Resilience Review

The Plot

Resilience is a documentary charting the growing medical evidence surrounding the possible links between childhood emotional trauma and physical health of adults.

The Good

Director James Redford delivers the latest in a growing series of documentaries handling medical subject matter with due sensitivity and care.  In particular Resilience explores the uncomfortable science surrounding the connection between childhood trauma and life altering physical health conditions. The film provides both an informative education of the latest evidence for this new approach to health management with a subtle investigation to some of the deep rooted public and medical reluctance to accept this new premise that relatively common psychological trauma can have serious long term health consequences.

Redford’s approach combining evocative animation with calmly assembled medial and personal testimonies allows the film to cover emotional and taboo subject matter in a clear and concise manner. In a relatively short running time the film succeeds in presenting a picture of a potentially important change in the medical perceptions of the lasting impact of developmental psychology.

The film is also deliberately clear in addressing any potential argument that the notion that adverse childhood experiences have negative health impacts is self-evident or irrelevant. The film seeks to demonstrate that not only is the connection between ‘toxic’ psychological trauma and illness far more concrete than previously understood, it also potentially hold a key to making vital changes n preventative treatments for a wide range of serious health conditions.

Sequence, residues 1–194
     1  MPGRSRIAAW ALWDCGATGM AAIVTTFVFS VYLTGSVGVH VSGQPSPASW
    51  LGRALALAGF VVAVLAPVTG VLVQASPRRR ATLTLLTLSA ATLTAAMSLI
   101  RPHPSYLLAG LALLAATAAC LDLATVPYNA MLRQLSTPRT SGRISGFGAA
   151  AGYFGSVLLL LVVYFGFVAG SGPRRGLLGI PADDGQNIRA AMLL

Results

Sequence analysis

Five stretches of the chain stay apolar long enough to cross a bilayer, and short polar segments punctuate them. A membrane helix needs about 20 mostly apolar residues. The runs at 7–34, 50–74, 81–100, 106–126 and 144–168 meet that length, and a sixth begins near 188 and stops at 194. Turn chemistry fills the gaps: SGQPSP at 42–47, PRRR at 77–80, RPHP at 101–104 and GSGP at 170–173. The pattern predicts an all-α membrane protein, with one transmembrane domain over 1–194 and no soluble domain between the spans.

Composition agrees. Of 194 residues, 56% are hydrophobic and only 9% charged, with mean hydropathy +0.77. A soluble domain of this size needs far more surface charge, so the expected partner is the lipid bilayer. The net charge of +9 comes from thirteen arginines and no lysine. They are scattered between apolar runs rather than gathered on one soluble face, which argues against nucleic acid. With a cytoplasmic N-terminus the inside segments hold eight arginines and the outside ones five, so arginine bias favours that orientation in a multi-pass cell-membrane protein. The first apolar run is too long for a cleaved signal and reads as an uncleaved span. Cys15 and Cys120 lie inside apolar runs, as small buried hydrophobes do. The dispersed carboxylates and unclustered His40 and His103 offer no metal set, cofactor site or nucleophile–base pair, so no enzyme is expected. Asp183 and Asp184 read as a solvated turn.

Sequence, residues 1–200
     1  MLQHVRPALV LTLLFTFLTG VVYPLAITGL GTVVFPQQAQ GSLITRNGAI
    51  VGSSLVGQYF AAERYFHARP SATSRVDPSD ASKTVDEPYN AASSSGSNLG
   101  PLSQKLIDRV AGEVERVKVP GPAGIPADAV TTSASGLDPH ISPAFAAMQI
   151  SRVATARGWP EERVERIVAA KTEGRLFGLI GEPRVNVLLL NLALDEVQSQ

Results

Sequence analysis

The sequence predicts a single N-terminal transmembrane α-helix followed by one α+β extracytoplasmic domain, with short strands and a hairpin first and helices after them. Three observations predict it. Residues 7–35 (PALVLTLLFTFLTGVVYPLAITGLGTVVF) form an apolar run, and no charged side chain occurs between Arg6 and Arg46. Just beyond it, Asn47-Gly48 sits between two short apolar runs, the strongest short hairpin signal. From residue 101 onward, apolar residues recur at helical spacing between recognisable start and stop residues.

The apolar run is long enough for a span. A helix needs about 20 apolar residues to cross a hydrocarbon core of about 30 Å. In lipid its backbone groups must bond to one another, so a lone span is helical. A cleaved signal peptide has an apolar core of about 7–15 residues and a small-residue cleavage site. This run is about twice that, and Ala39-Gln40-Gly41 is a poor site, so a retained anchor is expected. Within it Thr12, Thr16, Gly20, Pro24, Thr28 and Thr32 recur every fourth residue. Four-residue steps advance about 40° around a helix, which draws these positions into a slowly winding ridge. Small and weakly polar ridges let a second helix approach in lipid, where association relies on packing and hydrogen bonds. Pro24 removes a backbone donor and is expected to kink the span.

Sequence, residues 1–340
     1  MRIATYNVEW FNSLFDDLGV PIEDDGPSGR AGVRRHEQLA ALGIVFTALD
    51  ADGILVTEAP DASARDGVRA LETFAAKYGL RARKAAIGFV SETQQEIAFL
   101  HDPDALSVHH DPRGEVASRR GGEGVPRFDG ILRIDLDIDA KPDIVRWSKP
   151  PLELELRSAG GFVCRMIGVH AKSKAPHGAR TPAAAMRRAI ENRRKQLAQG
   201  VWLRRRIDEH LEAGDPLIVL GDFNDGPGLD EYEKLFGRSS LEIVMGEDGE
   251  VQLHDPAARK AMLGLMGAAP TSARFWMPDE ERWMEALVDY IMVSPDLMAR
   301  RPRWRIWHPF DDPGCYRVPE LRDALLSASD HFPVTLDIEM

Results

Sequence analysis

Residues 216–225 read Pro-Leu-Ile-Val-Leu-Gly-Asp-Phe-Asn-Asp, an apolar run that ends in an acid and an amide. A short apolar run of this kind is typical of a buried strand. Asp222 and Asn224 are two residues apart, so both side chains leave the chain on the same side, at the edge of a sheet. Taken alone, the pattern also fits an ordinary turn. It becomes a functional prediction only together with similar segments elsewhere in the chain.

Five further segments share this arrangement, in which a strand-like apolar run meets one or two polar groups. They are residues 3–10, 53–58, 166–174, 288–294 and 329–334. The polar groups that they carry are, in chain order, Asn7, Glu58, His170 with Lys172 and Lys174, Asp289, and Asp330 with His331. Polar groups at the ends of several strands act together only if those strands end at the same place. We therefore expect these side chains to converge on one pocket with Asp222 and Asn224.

The film serves as careful documentation of an originally controversial medical hypothesis and unashamedly seeks to encourage explorations of what the true impact of accepting this new reality may be.

The Bad

Despite the film’s best effort and intentions, no doubt many will find that the subject matter of childhood traumas and terminal illness uncomfortable viewing. If the evidence the film presents is true about the extent to which issues like sexual abuse, violence and emotional trauma affect significant portions of global populations then it’s likely this film may feel awkwardly relevant for a great many people.

While the film does it’s best to focus on the potential therapeutic benefits of this new science it is difficult, especially for those more directly affected by these findings, to ignore the central premise that childhood traumas do even more lasting damage to people’s lives than previously believed. This newfound understanding will likely prove little consolation for adults already living with these potentially devastating and varied health concerns.

The Ugly Truth

Resilience is a concise and well produced documentary that deals with a potentially unpalatable medical subject matter in an engaging and accessible way.

Review by Russell Nelson

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